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Replacing Overcrowded Jail Could Take More Than Five Years: Montgomery County Administrator

The Montgomery County Jail has seen a spike in the number of women behind bars due to opioid abuse and addiction-related crimes.
Courtesy of Montgomery County Sheriff's Office

A community watchdog group Tuesday told Montgomery County Commissioners the county jail needs to be replaced. In a report based on two years of study, the Justice Committee found the jail’s design makes it difficult or impossible for guards to supervise inmates in some areas of the facility.

The recommendation for a new jail is at odds with the commission’s current plan to spend millions of dollars renovating the first floor of the detention center.

The detailed report raised questions among some community members at the commission meeting.

One question came from Yellow Springs resident Yolanda Simpson:

“Will you still continue to put money in renovation when they've recommended that you demolish the building, because it doesn't work?” 

Commissioner Debbie Lieberman deferred to County Administrator Michael Colbert on the question.

“We have to we have we have now and we have a future. There are certain things, because we have people continuing to come into the jail, that we have to make investments in now and we will continue to have to make investments as we're going through this process even as we're evaluating whether to make a major additions or enhancements to the jail, or whether or not we are going to have a completely new complex,” he said.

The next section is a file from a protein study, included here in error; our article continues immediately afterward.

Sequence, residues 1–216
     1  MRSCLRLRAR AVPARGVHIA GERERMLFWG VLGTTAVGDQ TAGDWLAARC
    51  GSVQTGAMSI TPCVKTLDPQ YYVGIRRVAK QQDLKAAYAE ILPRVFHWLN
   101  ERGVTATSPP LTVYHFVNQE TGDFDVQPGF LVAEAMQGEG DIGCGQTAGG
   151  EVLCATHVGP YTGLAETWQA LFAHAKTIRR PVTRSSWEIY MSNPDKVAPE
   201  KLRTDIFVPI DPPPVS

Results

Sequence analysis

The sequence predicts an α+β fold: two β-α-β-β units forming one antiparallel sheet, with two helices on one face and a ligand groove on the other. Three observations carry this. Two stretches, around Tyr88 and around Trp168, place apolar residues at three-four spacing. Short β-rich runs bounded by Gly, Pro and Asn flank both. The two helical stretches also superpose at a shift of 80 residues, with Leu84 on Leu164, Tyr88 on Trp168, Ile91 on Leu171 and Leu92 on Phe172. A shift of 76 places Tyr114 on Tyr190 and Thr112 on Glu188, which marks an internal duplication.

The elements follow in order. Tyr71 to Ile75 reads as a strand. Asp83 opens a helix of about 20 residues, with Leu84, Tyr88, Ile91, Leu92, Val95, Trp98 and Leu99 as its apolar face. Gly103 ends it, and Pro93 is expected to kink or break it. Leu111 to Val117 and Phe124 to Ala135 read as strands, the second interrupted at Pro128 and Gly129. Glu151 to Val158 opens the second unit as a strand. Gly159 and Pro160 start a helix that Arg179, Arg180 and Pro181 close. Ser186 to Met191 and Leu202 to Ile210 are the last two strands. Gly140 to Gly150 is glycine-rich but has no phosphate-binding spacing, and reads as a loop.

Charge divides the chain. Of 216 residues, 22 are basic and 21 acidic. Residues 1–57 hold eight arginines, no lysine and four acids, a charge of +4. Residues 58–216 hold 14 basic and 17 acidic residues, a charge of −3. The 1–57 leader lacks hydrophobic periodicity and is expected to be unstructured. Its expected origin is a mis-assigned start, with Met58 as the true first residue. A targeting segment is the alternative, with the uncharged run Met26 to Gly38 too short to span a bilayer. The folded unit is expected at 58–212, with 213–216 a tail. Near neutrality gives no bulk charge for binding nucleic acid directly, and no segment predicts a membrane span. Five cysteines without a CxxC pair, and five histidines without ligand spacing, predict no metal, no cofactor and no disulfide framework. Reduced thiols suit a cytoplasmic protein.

Cobert noted the county’s short-term plans to renovate the jail's first floor are aimed at improving the facility's booking area and medical ward, two spaces that desperately need attention, according to the Justice Committee report.

The first-floor renovation project is still moving through the design phase. 

The report's authors determined, the Montgomery County Jail, "does not provide a minimally adequate environment for staff or inmates," and that, renovating or remodeling the jail, "is neither practical nor cost-effective."

The report urges the county to replace the building with, "a modern correctional facility that can house offenders in a humane manner, provide needed program services, and afford staff and inmates a safe environment."

At the meeting Colbert said it could take up to six years to plan and build an entirely new detention facility to replace the existing jail building.  

From the report: 

"The current facility houses nearly twice the inmate population deemed appropriate for its capacity by the State of Ohio. This level of overcrowding makes the monitoring of inmates and the delivery of services extremely difficult. The design of the older, linear units makes effective inmate supervision virtually impossible, while the level of overcrowding in the newer and better designed pod units undermines whatever improvement in monitoring and inmate services they should have brought. Program space has had to be converted to dormitory housing, so there is virtually no dedicated program space in the facility, and no space for private treatment of inmates. The medical unit lacks adequate examination rooms and no examination rooms are available on the housing units. The overcrowding also makes it impossible to maintain the legally required sight and sound separation for juveniles housed at the facility. The booking area is not sized or designed to facilitate the processing of the current volume of offenders entering the facility, and does not allow for appropriate management of offenders with special needs. Further, the facility building systems are deteriorating and will require increasing levels of funding to assure ongoing operation of the facility."

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